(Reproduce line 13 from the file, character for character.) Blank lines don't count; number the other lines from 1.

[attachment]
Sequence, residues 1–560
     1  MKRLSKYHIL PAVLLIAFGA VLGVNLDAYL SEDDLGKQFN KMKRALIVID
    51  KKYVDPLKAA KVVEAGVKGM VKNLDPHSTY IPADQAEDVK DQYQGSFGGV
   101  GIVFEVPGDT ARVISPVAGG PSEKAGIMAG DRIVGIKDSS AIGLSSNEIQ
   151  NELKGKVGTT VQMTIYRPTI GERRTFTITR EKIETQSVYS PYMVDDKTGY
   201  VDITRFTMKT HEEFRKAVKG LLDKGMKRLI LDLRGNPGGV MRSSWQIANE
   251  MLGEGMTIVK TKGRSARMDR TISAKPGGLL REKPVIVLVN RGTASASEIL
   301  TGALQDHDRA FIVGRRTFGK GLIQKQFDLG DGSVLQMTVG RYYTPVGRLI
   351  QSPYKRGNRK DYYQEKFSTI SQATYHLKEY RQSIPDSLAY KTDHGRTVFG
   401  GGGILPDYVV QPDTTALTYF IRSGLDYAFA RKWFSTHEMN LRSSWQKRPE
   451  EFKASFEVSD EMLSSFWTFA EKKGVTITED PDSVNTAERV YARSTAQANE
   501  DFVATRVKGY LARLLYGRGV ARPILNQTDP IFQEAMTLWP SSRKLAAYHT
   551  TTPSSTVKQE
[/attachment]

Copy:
   551  TTPSSTVKQE